Underperformance. Extreme weather. Labor shortages. Solar’s bright outlook faces big risks

Underperformance. Extreme weather. Labor shortages. Solar’s bright outlook faces big risks

Episode 51 of the Factor This! podcast features Jason Kaminsky, CEO of the clean energy insurance provider kWh Analytics. Subscribe wherever you get your podcasts.

The U.S. solar industry is primed for significant growth in the coming years, emboldened by historic federal incentives and demand for renewable energy. But to what extent solar reaches its potential depends largely on how the industry navigates an evolving set of challenges.

Extreme weather, system underperformance, and labor shortages topped the fifth annual Solar Risk Assessment released by clean energy insurance provider kWh Analytics. The report used research from RETC, PVEL, BloombergNEF, Wood Mackenzie, ICF, Raptor Maps, Clean Power Research, National Renewable Energy Laboratory, Energy Sage, and Envision Digital.

"(2022) certainly provided some relief to those who have labored through the most recent turns of the solar-coaster, but we are not out of the woods yet," kWh Analytics CEO Jason Kaminsky said.

Extreme weather

The declining availability of greenfield land for solar project development is leading developers to regions with harsher climates and, as a result, heightened extreme weather risks.

Hail has become a prominent challenge for developers and asset owners, as modules move toward larger formats with thinner glass.

According to kWh Analytics, moving panels into hail stow mode, where trackers are placed in a high degree tilt to reduce the impact energy of hailstones, is an effective mitigation technique that can reduce property insurance premiums up to 35%.

The firm modeled the revenue impact of a hail stow program to a 200 MW single-axis tracker site in Texas using PVLib and the National Solar Radiation Database.

The firm found that, assuming a $22/MWh PPA, moving into hail stow during extreme weather events throughout the year resulted in production loss of $12,000 or 0.1% of the asset's $9.75 million estimated annual revenue. But the hail stow program resulted in a property insurance premium reduction of $2 million per year.

"The choice is clear: stow early and stow often when there is a chance of severe weather near your PV project," the report's authors wrote.

The report also noted that, based on RETC testing and modeling, PV modules with 3.2 mm tempered front glass over a polymer backsheet are approximately twice as resilient to impact as dual-glass modules with 2.0 mm heat-strengthened glass.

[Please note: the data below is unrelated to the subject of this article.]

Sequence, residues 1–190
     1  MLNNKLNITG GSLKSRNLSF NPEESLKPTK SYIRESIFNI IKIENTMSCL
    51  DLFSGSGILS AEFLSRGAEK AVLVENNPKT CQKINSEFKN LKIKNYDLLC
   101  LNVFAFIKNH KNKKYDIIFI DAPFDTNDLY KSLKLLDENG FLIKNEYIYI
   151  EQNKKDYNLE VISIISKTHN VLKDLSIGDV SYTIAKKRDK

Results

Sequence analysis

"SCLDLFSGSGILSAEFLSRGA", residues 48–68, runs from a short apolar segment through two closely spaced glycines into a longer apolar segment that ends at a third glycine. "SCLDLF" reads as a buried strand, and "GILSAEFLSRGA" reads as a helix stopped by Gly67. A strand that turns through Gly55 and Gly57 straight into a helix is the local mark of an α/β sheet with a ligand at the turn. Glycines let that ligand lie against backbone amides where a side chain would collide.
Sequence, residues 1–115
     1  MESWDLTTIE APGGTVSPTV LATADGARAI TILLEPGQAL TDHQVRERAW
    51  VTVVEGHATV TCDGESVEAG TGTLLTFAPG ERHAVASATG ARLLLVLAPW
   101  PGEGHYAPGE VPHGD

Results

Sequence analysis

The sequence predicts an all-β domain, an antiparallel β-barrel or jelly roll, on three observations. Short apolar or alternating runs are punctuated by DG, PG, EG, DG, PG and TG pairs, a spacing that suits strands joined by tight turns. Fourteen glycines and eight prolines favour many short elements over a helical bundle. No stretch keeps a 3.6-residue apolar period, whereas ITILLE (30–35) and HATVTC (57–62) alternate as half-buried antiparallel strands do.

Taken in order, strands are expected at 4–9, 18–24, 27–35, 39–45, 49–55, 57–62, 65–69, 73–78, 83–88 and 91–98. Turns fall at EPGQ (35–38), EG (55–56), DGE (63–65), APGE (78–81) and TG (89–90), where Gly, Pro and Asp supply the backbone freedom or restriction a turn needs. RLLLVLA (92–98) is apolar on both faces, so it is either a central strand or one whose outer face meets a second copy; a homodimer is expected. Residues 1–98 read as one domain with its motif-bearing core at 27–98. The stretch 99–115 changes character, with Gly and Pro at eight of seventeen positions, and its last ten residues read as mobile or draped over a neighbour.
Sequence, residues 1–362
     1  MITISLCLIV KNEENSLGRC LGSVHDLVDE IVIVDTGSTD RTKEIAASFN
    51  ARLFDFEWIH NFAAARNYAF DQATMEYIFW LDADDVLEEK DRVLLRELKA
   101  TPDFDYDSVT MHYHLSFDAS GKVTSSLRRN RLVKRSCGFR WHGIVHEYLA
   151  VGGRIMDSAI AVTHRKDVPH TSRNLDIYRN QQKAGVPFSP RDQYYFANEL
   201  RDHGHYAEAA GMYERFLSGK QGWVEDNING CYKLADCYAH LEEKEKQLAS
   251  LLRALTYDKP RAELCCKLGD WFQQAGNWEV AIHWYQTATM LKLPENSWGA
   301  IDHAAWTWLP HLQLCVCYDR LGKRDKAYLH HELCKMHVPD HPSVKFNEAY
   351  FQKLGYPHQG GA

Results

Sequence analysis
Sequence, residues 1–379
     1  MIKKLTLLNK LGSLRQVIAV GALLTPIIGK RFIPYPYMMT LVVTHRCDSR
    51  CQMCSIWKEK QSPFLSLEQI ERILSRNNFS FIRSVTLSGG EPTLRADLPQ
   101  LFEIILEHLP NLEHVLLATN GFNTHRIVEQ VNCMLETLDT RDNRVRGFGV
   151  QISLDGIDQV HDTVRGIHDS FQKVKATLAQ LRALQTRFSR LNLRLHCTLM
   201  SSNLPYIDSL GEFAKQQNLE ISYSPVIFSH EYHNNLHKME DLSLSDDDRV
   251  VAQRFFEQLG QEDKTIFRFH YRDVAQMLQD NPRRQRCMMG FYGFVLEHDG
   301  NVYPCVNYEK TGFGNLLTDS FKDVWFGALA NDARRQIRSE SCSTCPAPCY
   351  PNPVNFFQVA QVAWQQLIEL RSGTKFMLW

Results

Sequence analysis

Additionally, PVEL analysis determined that glass//glass modules, which are steadily gaining market share with the popularity of bifacial modules, are more than twice as likely to break compared to glass//backsheet modules.

Financial Modeling

kWh Analytics found that asset owners are underestimating modeling uncertainty, causing projects to experience P99 outcomes, by definition a 1-in-100-year occurrence, every 20 years.

The firm said the main driver of this discrepancy is the lack of accounting for uncertainty in equipment performance when quantifying the likelihood of downside scenarios. Of the 25 independent engineer reports from recent utility-scale solar projects analyzed by kWh, none discussed incorporating uncertainty due to equipment performance.

Based on a data set of more than 200 utility-scale solar projects, kWh Analytics found the distribution of annual performance index relative to P50 estimates to be strongly left-skewed compared to the normal distribution typically assumed. The years of performance in the long left tail are from systems that experienced significant recurring inverter failures, ground faults, and manufacturer defects, they said.

Courtesy: kWh Analytics Solar Risk Assessment

Operational risk

Asset underperformance continues to plague the solar industry, presenting challenges for owners and investors alike.

Equipment-driven underperformance results in roughly $2.5 billion in losses annually for the solar industry, according to data that is extrapolated from the $82 million in total losses found in the 24.5GW of solar assets analyzed by Raptor Maps in 2022.

 Power loss due to anomalies has increased by 94% since 2019, according to Raptor Maps, a trend that could lead to "severe ramifications for the bankability of future projects" amid declining PPA rates. 

Large sites have seen the highest percentage increases affecting power production, with power loss increasing by 336% for 50-100MW sites, 243% for 200+ MW sites, and 168% for 100-200MW sites.

Smaller sites have a higher proportion of power loss than larger sites. 

"A standardized and centralized system that collates all relevant data in a digital twin – including inspections, power production, irradiance, and equipment maintenance history – is critical for the solar industry's reliable growth," the report authors wrote.

Courtesy: kWh Analytics Solar Risk Assessment

In addition to asset operational risks, the solar industry faces corporate operational headwinds, as well.

Nearly half of residential solar companies surveyed by EnergySage said a lack of trained labor is their biggest barrier to growth.

In the 2022 survey, installers reported that a lack of trained labor overtook customer acquisition as the biggest barrier to growing their businesses. Interestingly, despite recent supply chain constraints, only half as many installers (21%)pointed to the availability of equipment as a barrier to growth.